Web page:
But that must lead to an initial observation; the language (and more important, the perspectives it embodies) are dated. There are of course references to grammar- and secondary-modern schools, and leaving school at 15 (so-called ROSLA did not come in until 1974, if I remember rightly), but that's just historical. It's the unselfconscious references to "bright" and "backward", and "coloured" pupils (not "students") which leap out, including this gem, "these were 15-year-old girls of pathetically low ability" (p. 147). It's the assumptions about streaming. And, most germane for a current reading, it's the default assumptions about the authority of and respect for the teacher.

And of course that is one of the key elements of this book. Because, regardless of the default assumption, no-one I have read since has so clear-sightedly and non-judgementally sought to uncover and explore what goes on beneath the surface of the classroom (and the school). I mentioned an "eco-system" earlier; Richardson approaches the class as an ecologist might approach a rainforest.

Much of the first half of the book is about what would nowadays be called "behaviour management". Much as I respect people like Sue Cowley and Tom Bennett, their approach is—although in many respects consistent with Richardson's (given that she doesn't do prescription)—simply pragmatic. It's about ground-rules and fire-fighting. And it works. 'Nuff said.

Except that Richardson does not stop there; enough has not been said. From a group relations perspective,  she regards almost everything which happens (and some things which don't happen) at several levels. Class behaviour has to be managed, certainly, but it is also evidence of the underlying emotional life of the group, both that which can be expressed and that which must be denied. And the teacher is part of this process, not an objective outsider, but as exposed as anyone else. Indeed, the issue of  how the teacher's anxiety can motivate problematic practice and inhibit good practice (especially holding back and doing nothing) is a recurrent theme.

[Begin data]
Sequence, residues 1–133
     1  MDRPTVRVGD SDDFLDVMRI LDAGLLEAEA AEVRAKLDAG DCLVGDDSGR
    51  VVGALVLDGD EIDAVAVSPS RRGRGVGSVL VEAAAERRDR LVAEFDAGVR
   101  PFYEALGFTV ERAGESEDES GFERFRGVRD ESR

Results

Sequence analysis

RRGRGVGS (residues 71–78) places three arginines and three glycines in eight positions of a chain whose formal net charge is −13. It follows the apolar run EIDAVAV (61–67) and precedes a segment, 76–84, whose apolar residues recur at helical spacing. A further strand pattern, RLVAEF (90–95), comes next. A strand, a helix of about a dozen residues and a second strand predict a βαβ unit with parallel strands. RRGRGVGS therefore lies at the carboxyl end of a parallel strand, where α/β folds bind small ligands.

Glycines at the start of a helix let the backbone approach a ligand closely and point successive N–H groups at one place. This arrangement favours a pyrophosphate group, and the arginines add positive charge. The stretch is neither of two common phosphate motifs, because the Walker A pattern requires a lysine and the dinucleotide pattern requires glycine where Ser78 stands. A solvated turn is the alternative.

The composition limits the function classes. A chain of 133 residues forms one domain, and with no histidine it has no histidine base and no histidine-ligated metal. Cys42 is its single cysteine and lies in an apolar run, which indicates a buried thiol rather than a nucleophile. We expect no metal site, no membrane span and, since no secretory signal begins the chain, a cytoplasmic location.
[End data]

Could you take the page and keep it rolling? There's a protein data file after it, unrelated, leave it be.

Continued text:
It's a fascinating "lens" to use Brookfield's term, or frame of reference. It highlights (or "privileges" in the current jargon) a neglected aspect of the environment of learning, including the implications of the physical layout of classrooms (rather less of an issue now, I think. For my take see here and here) and time tabling.

By current standards, the argument is loose and merely assertive. Only in the boring chapters 7 and 8 is the referencing anywhere near current standards (and it's not "Harvard"!)

The originality dips from chapter 7 onwards and slowly climbs to the conclusion. Skim.

So? This is largely based on secondary education in the '60s, which was a different world in some respects, but still recognisable in those areas with which this book concerns itself. It may appear that the current competitive, high-stakes testing setting has invalidated the arguments and the admittedly anecdotal evidence base. In some respects they have. There are no effect-sizes from meta-analyses to support them. Some of the practice described in chapters 7 and 8 nowadays prompts responses such as, "Yes, but—what were they learning?" But they are not simply examples of the much-derided pupil-centred approaches of the '60s; there is a degree of rigour here, and interesting explorations of how rules and rituals structure the pupil experience to provide the security needed to tolerate the uncertainty of venturing into unknown territory.